Lumix DC-GH5 Mirrorless Micro Four Thirds Digital Camera from Panasonic provides a unique imaging platform for both best video and still photography quality in a single compact camera. At the heart of the camera there is a 20.3MP Digital Live MOS sensor and a newly developed Venus Engine processor, both offer dramatically improved processing times over its predecessor. This enables the ability to record 4K video at up to 60 fps, 10-bit 4:2:2 internal recording with select settings, Full HD video at up to 180 fps, 12 fps continuous shooting and sensitivities up to ISO 25600. Also, the camera features built-in 5-axis sensor stabilization
Panasonic had great success in earlier compact cameras GH3 AND GH4, especially GH 4 which had 4k video recording ability internally which was appreciated by film making professionals.
Now GH5 offers a 4k video in a compact camera. Its ability to record video images with 10 bit color depth and 4:2:2, which is considered a major breakthrough and it is also the world’s first camera to feature this advantages.
Though compact, still cameras which feature 4k videos recording is very high in resolution. The video files are compressed to accommodate into compact segment, where as High end cinema cameras have major advantage of recording uncompressed or unprocessed video termed as ‘RAW file’.
As raw file is uncompressed, it has higher color bit depth as 16.
Most of the DSLR cameras which record high resolution videos internally (in camera recording) has a color bit depth of 8 and chroma sampling as 4:2:0.
Digital film making has opened wide and new doors. Every technology has its own advantages and disadvantages.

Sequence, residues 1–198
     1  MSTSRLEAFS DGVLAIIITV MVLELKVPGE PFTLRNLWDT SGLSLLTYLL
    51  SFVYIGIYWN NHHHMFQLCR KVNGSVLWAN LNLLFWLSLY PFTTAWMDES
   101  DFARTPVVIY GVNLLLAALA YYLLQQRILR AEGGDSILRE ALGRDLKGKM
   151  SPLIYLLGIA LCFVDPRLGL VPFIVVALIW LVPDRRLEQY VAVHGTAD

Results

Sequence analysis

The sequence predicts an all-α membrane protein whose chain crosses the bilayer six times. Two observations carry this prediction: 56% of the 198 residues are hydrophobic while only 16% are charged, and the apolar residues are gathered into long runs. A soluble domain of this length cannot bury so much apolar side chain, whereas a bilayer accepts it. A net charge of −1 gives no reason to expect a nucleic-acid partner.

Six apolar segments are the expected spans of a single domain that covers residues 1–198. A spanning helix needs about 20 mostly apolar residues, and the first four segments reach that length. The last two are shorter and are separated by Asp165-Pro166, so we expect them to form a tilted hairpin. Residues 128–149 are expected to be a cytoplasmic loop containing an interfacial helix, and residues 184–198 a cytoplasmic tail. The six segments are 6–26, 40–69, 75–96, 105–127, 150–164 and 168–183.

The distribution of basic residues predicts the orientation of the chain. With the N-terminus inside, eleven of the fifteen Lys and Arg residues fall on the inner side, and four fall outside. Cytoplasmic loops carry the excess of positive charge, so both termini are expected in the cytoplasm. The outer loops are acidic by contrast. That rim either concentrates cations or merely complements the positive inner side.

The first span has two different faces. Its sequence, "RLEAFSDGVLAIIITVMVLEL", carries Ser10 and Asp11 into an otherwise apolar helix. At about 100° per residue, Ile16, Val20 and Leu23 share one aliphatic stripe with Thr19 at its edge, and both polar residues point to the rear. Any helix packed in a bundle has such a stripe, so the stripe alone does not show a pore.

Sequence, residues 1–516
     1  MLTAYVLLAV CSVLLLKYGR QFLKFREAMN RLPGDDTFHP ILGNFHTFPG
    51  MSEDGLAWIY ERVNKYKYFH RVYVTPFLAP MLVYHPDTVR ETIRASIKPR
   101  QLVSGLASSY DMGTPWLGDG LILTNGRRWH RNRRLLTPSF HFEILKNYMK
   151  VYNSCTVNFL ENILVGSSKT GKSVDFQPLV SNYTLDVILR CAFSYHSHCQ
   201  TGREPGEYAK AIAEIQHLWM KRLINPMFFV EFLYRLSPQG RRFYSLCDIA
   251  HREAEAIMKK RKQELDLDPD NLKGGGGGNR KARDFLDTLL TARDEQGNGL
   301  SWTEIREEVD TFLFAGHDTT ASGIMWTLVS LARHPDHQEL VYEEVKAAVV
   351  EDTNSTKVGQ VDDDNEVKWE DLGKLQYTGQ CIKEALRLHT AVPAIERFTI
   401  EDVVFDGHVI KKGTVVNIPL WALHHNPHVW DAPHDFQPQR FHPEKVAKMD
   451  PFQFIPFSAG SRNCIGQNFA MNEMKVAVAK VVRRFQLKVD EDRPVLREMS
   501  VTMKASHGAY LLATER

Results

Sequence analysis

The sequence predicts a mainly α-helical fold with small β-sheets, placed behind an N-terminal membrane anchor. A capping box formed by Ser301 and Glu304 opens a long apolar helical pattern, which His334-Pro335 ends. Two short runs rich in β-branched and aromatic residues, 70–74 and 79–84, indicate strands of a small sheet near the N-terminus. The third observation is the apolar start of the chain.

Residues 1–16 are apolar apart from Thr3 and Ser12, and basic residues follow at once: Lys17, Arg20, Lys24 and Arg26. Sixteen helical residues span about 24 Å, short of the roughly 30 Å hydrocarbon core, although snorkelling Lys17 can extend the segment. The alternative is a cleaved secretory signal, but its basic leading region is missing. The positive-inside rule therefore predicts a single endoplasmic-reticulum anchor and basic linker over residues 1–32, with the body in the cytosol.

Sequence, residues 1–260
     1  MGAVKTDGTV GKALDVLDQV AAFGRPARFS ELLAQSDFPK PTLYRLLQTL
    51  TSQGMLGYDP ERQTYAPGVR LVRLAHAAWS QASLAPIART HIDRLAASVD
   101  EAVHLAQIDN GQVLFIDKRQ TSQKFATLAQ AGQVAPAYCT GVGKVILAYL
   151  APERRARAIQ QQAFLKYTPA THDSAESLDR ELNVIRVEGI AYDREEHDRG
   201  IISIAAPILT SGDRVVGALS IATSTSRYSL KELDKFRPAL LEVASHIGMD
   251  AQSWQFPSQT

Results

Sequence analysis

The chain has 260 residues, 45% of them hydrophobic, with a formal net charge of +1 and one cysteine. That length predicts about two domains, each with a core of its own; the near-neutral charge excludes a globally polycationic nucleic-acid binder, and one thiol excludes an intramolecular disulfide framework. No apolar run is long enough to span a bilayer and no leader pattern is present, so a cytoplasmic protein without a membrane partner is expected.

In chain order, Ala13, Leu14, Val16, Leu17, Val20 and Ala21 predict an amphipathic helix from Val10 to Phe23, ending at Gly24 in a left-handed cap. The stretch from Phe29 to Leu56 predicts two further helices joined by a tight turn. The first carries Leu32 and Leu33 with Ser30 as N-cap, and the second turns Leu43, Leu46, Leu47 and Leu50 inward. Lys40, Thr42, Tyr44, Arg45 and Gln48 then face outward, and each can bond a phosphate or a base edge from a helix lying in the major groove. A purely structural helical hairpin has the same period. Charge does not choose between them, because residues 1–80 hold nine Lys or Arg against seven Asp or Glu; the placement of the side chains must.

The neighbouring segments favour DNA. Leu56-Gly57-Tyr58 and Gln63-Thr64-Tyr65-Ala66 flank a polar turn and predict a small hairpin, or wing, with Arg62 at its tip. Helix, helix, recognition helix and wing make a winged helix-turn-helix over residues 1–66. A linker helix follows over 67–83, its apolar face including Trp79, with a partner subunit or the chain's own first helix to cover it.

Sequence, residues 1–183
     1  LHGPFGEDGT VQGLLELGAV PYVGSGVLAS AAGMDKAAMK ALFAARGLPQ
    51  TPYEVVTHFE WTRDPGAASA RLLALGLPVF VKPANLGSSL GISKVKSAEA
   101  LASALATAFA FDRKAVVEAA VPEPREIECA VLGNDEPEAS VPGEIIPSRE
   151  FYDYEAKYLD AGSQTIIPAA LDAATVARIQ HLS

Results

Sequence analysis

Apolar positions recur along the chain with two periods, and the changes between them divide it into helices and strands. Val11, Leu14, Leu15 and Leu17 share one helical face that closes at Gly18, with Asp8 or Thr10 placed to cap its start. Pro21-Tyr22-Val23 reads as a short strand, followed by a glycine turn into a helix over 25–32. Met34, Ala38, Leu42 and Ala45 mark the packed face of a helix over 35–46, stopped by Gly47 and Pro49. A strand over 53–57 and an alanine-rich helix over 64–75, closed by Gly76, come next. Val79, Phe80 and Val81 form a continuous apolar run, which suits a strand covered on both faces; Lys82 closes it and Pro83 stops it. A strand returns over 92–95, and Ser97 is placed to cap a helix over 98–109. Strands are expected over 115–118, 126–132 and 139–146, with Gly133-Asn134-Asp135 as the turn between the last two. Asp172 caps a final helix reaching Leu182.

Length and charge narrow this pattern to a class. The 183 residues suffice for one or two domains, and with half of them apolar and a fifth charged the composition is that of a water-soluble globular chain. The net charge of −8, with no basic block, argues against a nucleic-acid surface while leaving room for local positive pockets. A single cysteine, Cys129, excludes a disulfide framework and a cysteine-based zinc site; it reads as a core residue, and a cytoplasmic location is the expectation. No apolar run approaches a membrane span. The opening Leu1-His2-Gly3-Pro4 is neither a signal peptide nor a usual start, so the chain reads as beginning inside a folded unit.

Compact Dslr cameras have unique advantage for its sleek design and very less cost which allows for independent film making with limited crew members and also high resolution files are compressed it uses less data. On the disadvantage side, when filming cinematographers always expect very good exposure latitude or dynamic range and good color information that always takes a back seat in DSLR/T Film making compared to High end digital cinema cameras.
Advantage of 10 bit color depth
Normally most of the Dslr Cameras record video which uses 8bit color, so advantage about acquiring 10bit footage in short, to see a better image. The higher the bit rate, the more colors are captured.
8bcp (8 bits per channel, 8 bpc = 24bit image) essentially means you can capture 256 shades of color/luminosity values (0-255) on each of the RGB channels, 256x256x256 = 16million+ colors,
Home HD video signals (including Blu-Ray) use 8-bit color, meaning that for each pixel, the signal contains eight bits for each of the three primary colors. That sounds like plenty, and to the naked eye, it is. But subtle differences between those 256 shades, impossible with 8-bit color, can help create depth and a sense of reality.
That’s where higher color bit depth comes in. With 10-bit color, you get 1,024 shades of each primary color, and over a billion possible colors. With 12-bit, that’s 4,096 shades and over 68 billion colors.
16bit color depth cinema camera is capable of recording 14 f-stops of dynamic range in raw uncompressed format, Makes its camera size, engineering, electronical controls all are multiplied along with the price tag.
DoPs always like to manipulate images (‘fix-it-in-post’) during post production that is color correction. For that they always needs an image with lesser compression during recording.
Higher bit depths gives us more colors to ‘pull from’ or more ‘latitude’ in post color grading, where we are trying to pull from a larger pool of colors and push those colors into a smaller ‘range’ of colors since that will ultimately be encoded to an 8bit video file. The 5D mark 3 and other DSLRs like most of today’s still cameras actually see color at 14bit and this is recorded at 14 bit when shooting raw stills but is only captured as 8bit when shooting video or jpg stills.
In short, bit depth is the level of precision that’s available for storing color information. The encodes used to have a precision of 8 bits (256 levels) per color channel. There are usually three color channels, so that makes a bit depth of 24 bits per pixel, which is also the most commonly used bit depth of modern desktop PCs.
Higher bit depth for video recording allows up to 10 bits per channel (1024 levels and 30 bits per pixel), that allows for much higher precision.